12. Sure, getting a permit in Wyoming was easier and cheaper than it was in California, but does that make it OK?

    Absolutely not.

    It is like a rapist saying, “What I did to that woman was okay because I only inserted my [man part] a little bit just once even though I could have inserted it all the way many times.”

    Just as there is no such thing as a “little rape”, there is no such thing as a “little infringement”.

  13. and after getting a barrage of God-awful information regarding the laws in that state,

    As a resident of Colorado, what do you mean? Bad laws or bad information about them.

    • I hear that a lot. UBC and mag limits is the usual answer. UBC is a pain. The mag limit is unenforceable, but there’s probably enough ambiguity to scare off out-of-staters. They don’t know about the assertion clause and prosecutorial burden of proof.

      I bought two “magazine repair kits” for my 17rd Ruger at the gun show with the place crawling with LEOs.

  14. I just moved from Wyoming after living there for seven years. It’s the most gun friendly state I’ve ever lived in. When asked by a Sheriff if I was carrying that day and finding out I wasn’t, his response was “Why not?”. WYOMING is a Right To Carry state with no permit needed for a resident inside of the state of Wyoming, COLORADO (satellite state of California) requires the infringement upon you rights. You are even allowed to carry a long gun uncased in the front seat with a magazine inserted as long as the chamber is clear. Wyoming is one of the few states where you can get pulled over for a traffic stop and end up in a friendly conversation for 45 minutes about guns and what the next hunting season is.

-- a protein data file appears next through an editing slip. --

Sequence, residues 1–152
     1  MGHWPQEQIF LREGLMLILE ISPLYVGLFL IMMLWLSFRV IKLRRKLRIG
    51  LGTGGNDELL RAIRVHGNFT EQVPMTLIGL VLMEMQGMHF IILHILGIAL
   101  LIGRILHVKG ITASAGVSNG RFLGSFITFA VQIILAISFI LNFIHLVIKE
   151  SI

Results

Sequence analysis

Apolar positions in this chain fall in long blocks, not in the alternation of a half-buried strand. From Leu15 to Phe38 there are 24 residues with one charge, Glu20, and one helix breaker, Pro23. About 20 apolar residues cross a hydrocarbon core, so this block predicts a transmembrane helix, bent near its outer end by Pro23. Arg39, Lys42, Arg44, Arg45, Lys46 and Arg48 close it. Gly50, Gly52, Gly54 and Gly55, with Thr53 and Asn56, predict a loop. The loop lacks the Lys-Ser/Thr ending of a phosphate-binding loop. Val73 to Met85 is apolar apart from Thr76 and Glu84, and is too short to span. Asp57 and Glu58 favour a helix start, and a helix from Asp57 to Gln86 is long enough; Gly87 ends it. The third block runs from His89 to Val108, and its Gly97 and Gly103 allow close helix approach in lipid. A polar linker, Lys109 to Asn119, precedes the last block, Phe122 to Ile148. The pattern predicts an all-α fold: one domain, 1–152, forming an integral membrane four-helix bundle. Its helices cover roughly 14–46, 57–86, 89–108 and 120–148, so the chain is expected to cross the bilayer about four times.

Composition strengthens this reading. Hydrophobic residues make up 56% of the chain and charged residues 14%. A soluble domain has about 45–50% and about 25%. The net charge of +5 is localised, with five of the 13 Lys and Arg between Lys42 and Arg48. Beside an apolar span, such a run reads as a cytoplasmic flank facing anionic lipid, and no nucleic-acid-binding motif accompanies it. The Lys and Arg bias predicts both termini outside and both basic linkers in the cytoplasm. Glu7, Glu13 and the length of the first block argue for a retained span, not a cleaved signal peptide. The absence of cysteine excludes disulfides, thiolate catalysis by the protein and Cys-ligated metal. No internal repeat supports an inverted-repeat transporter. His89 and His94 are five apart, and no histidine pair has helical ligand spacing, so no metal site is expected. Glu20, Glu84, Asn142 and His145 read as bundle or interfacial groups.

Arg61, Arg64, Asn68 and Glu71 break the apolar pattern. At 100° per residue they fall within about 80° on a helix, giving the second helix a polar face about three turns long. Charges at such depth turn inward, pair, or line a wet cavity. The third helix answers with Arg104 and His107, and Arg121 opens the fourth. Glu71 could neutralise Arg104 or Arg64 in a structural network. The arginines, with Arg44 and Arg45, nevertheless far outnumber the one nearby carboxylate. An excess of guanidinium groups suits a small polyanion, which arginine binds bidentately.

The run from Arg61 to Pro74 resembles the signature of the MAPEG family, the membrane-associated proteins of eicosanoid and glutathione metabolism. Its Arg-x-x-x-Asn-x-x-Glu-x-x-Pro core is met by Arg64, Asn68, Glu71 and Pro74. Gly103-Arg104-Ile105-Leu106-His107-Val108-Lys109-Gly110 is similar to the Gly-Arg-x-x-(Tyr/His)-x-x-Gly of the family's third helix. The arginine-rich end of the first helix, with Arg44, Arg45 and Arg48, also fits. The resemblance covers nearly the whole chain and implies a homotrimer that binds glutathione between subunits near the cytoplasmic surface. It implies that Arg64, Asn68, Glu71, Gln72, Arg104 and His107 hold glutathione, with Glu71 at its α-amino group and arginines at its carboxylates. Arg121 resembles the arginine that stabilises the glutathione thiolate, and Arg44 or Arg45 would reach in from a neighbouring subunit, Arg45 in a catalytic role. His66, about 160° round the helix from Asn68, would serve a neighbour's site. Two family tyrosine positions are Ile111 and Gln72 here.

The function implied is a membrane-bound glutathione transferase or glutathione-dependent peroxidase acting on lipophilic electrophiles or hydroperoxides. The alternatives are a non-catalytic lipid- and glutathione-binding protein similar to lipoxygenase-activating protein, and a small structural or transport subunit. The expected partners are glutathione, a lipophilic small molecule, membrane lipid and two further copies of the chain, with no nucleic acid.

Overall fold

• also did 7 years there. Now i’m in another constitutional carry state of Idaho. But 100% agree with you. People that come from Cali, native or not, seem to like to bitch about something

    • COLORADO (satellite state of California) requires the infringement upon you rights. You are even allowed [in Wyoming] to carry a long gun uncased in the front seat with a magazine inserted as long as the chamber is clear.

      Same in Colorado. The statute that prohibits carrying long guns in motor vehicles specifically says “unless the chamber of such firearm is unloaded“. C.R.S. 33-6-125.

        • That [sort of] depends on when you acquired the magazine. If you have a >15 round magazine and assert that you owned it on 01 July 2013, then the state has the burden of proof to refute the assertion.

    • You can open carry in Colorado, except for Denver. That was a wrong decision by the State Supreme Court. You can carry a loaded and chambered pistol in your car. And the statute for long guns is a hunting offense, not a criminal one.